Do Remember When Allen Iverson & Jadakiss Had The Answer For Bball + Hip-Hop
Fresh off his MVP run to the NBA Finals in 2000-2001, the Answer V commercial featuring Allen Iverson and Jadakiss, was a fitting segue from perhaps the most popular release of the “Answer” series. Not to be confused with Bubba Chuck’s most popular and iconic shoe ever released – the original Question in 1996 – The A5 offered a revamped look, inspired by the A4.
The reigning MVP remained a hot commodity in 2001, earning more fans, more clout in the shoe game and the awesome responsibility of infusing the NBA with Hip-Hop since the mid-’90s.
Iverson is often credited with incorporating Hip-Hop culture and attitude into the NBA locker room. If it wasn’t his “brash” behavior (in the eyes of some), it was his nontraditional sense of style. While most NBA players were expected to wear formal attire that included designer suits and shoes, Iverson’s preference was sweatsuits, tennis shoes (Questions and Answers), cornrows and do-rags. He was covered in tattoos, not unlike Tupac, and wore sunglasses indoors, not unlike Biggie Smalls. A.I.’s defiance of the League’s dress code is thought to have inspired other players to do the same and coincidentally embrace the culture.
Based on appearance alone, and ultimately his infamous “posse,” all that was left, was to drop an album.
The Hampton, Virginia born superstar attempted to do just that a year before his commercial alongside The LOX MC. In the case of the iconic video, he let Jada’ spit the bars, and A.I. demonstrated his handle right beside him. “He’s the answer, and the problem / You don’t want it with the way that boy go to the hole and take punishment / The young boss of the cross for four quarters / And from three-point land he’s all water / Matter of fact, call him the king / The way he breaks down the defense, like he’s got the ball on a string / And he will blow by you fast / Penetrate and dish it off, or go high off the glass,” spit the Yonkers MC the same year he released his solo debut, Kiss Tha Game Goodbye.
Iverson’s playing style, off the court influence, and this commercial are a strong focus of Episode 2 of Lebron James’ Shut Up And Dribble Showtime docu-series. With a host of NBA greats, Hip-Hop stars and personalities, agents, league execs, and others commenting, A.I.’s playing style is discussed. The first overall pick brought a Rucker Park attitude to major arenas. He dominated, with flare—evidenced in the famed “step-over” of Los Angeles Laker Tyronn Lue in the 2001 finals. Iverson refused to appease others who wanted a safer image, as described in his hairstyle debut an All-Star game. While Sway Calloway says he had the same braids at the time, Kendrick Lamar recalls likening A.I. to some of his friends in Compton. What made Iverson so different to some audiences, made him so much relatable to basketball fans longing for that a new kind of authenticity. “I’d rather not be in the NBA [than be fake],” he told Stephen A. Smith in one clip. “Allen Iverson was to basketball what Tupac was to Rap,” Sway says in another excerpt, having known both men.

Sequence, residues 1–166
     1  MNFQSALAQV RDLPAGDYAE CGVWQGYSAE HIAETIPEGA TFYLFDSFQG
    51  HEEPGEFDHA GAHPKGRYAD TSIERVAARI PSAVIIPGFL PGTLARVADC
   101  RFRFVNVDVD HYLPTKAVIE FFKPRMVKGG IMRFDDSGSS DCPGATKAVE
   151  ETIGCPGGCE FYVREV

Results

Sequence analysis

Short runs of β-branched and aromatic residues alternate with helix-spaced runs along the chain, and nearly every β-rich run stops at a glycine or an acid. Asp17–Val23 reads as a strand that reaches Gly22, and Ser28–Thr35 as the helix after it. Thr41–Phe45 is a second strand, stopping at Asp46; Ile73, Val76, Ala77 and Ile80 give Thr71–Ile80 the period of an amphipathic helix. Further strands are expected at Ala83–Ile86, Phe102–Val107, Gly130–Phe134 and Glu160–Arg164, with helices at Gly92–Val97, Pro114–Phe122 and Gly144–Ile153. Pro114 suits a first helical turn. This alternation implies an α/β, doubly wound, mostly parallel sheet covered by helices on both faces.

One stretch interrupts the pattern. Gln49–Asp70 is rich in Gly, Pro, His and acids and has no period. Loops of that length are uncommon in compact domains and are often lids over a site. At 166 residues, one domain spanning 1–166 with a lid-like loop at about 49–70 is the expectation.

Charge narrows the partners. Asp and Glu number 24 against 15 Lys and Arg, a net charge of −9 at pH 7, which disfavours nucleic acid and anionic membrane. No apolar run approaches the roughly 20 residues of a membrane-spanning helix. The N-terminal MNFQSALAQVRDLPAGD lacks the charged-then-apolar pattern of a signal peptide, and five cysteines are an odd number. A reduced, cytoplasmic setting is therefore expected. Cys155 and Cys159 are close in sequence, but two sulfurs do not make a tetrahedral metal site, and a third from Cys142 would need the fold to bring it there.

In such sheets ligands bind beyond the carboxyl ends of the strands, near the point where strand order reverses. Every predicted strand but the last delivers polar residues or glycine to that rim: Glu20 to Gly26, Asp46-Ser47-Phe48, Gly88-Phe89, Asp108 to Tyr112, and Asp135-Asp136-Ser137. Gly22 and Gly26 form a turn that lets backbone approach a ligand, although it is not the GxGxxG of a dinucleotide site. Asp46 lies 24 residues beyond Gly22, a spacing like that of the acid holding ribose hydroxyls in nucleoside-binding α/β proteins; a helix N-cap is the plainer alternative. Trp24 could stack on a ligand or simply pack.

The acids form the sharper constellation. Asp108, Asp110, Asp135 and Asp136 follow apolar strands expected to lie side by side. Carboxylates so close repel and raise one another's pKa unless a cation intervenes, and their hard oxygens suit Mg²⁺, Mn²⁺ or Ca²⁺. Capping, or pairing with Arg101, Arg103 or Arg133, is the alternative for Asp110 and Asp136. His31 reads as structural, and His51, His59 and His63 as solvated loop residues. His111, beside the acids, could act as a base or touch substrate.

That said, the marriage between Iverson and Jadakiss was majestic only a year later. Iverson’s gritty brand of basketball was the perfect complement to Kiss’ raspy delivery, and their onscreen pairing was proof positive. Albeit his obvious love affair with the art-form, Iverson left the rhyming up to ‘Kiss – arguably the hottest rapper in the industry at the time. Branding executive Steve Stoute recalls the one-minute ad spot gaining so much popularity that DJs played it on radio around the country.
While rhyming effortlessly over a Trackmasters arrangement, which incorporated bouncing balls, swishes and a bevy of shoe squeaks, Kiss lures in the listener/viewer. All the while, Iverson’s seamless ball handling ability provides the necessary balance to score a win for the brand and its co-stars.
Allen Iverson had the skills to pay the bills, and he never was willing to pinch his personality, style, or flare to get a check. Just like defenders, the NBA and Reebok had no choice but to accept him. They could airbrush his tattoos, label him a “thug,” but they could not stop him from making indelible impact. Times show the error in the judgemental powers that be. Perhaps it’s why this simple ad still sounds great nearly 20 years later.
Last week, A.I. listed his Top 5 MCs.
#BonusBeat: The A6 ad, featuring some “Jewelz” bars too:
Additional Reporting by Jake Paine.